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The Sexual Health Alliance is hosting a free screening of Someone You Love: The HPV Epidemic on Sunday, September 20th at 11am. The screening will take place at Filmscene and is sponsored by the Iowa Cancer Consortium and the Emma Goldman Clinic.
Immediately following the film there will be a panel discussion with local health experts where audience members can ask questions and learn about available local resources. We hope to see you there!
The Gazette published a guest column on Sunday, September 14, 2014 written by the Sexual Health Alliance of Linn & Johnson Counties. A link to the column on The Gazette’s website is available here. Below is the full column:
Evidence-based sex education more effective
Sexually transmitted disease rates in Linn and Johnson counties are rising. I encourage parents and educators to consider evidence-based, comprehensive sexual health education for students that would help lower rates.
“Evidence-based” means the program has been proven to effectively show positive changes in students’ sexual behaviors. “Comprehensive” means the program is medically accurate, age-appropriate, theory driven and teaches abstinence (but is not abstinence-only) to help students develop interpersonal and communication skills.
According to the National Sexuality Education Standards, comprehensive programs have been shown to help youth delay the onset of sexual activity, reduce the frequency of sexual activity, reduce the number of sexual partners, and increase condom and contraceptive use. Comparison studies have found comprehensive programs to be more effective than abstinence-only programs.
Many schools provide evidence-based programs, but gaps remain. The Sexual Health Alliance of Linn & Johnson Counties Education Subcommittee conducted a survey of the public high schools to see whether evidence-based sexual health education was being taught. The committee found that sexual health education varies considerably. In some schools, sexual health education is part of a mandatory health class; for others, it is a single stand-alone session or part of an elective health class.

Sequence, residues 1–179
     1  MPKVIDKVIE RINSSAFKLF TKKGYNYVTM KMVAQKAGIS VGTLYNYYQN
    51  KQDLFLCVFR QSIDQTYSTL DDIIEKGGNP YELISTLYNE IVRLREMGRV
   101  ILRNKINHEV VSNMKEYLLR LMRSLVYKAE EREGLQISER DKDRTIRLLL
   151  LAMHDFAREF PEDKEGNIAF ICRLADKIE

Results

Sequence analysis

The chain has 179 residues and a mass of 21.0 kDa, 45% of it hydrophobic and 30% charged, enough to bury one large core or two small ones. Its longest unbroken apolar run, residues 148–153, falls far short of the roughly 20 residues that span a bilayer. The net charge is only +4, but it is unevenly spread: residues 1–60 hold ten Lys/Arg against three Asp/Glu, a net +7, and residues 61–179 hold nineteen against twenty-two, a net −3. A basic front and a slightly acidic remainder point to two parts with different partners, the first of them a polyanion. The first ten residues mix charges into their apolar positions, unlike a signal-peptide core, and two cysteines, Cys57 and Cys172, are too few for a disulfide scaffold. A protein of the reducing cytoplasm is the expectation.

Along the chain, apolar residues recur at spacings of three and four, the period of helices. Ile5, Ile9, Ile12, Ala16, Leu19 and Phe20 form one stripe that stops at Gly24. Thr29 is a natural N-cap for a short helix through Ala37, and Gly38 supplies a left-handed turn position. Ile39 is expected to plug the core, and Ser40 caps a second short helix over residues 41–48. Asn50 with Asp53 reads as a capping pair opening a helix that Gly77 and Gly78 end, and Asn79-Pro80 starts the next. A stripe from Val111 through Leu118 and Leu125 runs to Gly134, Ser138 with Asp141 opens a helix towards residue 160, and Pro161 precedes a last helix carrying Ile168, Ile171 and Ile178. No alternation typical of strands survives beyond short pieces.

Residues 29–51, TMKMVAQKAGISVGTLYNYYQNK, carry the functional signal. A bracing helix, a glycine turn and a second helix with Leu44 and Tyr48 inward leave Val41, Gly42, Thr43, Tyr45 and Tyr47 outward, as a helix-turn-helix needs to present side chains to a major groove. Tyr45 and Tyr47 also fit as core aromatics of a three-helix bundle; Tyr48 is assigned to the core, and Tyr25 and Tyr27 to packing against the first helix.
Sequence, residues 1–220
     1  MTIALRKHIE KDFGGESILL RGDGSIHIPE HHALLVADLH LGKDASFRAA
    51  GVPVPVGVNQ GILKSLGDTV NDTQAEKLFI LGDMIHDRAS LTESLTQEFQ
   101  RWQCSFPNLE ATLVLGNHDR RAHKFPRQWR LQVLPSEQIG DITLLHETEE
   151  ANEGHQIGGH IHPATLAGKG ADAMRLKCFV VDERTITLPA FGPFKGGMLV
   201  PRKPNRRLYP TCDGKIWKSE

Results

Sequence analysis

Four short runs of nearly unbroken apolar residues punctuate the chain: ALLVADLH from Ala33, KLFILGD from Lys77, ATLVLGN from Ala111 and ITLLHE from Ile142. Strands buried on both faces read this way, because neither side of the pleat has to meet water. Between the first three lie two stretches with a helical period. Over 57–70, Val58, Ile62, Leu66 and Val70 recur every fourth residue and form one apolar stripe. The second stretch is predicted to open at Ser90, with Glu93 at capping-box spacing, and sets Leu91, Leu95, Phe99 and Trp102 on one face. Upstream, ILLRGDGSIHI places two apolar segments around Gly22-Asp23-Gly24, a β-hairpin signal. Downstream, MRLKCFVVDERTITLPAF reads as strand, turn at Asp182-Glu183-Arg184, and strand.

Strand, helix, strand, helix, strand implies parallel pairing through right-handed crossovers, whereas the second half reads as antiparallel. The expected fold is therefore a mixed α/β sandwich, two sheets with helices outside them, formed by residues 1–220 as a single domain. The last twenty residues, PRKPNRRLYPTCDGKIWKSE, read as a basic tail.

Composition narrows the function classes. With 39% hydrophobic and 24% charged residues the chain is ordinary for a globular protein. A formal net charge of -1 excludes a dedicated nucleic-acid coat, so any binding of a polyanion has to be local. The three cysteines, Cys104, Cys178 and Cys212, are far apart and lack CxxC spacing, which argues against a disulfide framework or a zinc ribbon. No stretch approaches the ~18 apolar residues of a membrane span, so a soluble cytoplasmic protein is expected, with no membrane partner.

There are many ways parents and individuals can advocate for a comprehensive, evidence-based curriculum. These include knowing the official state and school system policies on sexual health education; learning what their student’s school offers and what training their teachers have had in sexual health education; speaking with administrators; and joining school health education committees and/or participating in school board meetings. Fortunately, our community has many resources and trained professionals at its disposal. We encourage parents and educators to reach out to the SHA at shacoalition.com/ or firstname.lastname@example.org.
Seth Owens is board president of the Sexual Health Alliance of Linn & Johnson Counties. Comments: email@example.com.
The Gazette published an article on Friday, August 8th, 2014 written by Chelsea Keenan. A link to the column on The Gazette’s website is available here. Below is the full column:
Linn County STD rates higher than state, U.S.
Sexually-transmitted diseases account for the greatest proportion of infectious diseases in Linn County.
That’s according to a new report from Linn County Public Health that gives a countywide assessment of health status and health risks on everything from chronic and infectious diseases to homicide and suicide rates.
Linn County’s syphilis, chlamydia and gonorrhea rates are 579 cases per 100,000 residents, which is higher than the state rate of 435.2 cases per 100,000 residents.
In 2012, there were 986 cases of chlamydia, 230 cases of gonorrhea and six cases of syphilis in Linn County. And while the gonorrhea rate in the United States has been decreasing from 2000 to 2012, it has been increasing in Iowa.
“We need to be aggressive as a community,” said Pramod Dwivedi, Linn County Public Health director. “It is profoundly important to take note of these and do something about it.”
Dwivedi said while Linn County Public Health does not have a campaign planned, it is working with the Sexual Health Alliance of Linn and Johnson Counties, a group of organizations and individuals working to educate the public about safe sex and distribute free condoms.
Dwivedi said the alliance has targeted populations at a greater risk of contracting an STD, including young adults, the gay community, those with substance abuse problems and those with multiple sexual partners.
Linn County Public Health also will address the rising STD rates in its community health improvement plan, an annual report that assesses the county’s health status and builds a plan to improve priority areas.
Teenagers and young adults between 15 to 24 have significantly higher rates of STDs than those in older age groups. Statewide, teenagers account for 26 percent of chlamydia cases and 20 percent of gonorrhea cases, according to a report from Eyes Open Iowa, a Des Moines-based group that advocates for adolescent sexual health.
“It speaks to the work we need to do,” said Kristin Fairholm, executive director of Eyes Open Iowa. In 2012, the gonorrhea rate among teenagers 15 to 19 years old and adults 20 to 24 years old was 484 cases per 100,000 and 533.5 per 100,000, respectively.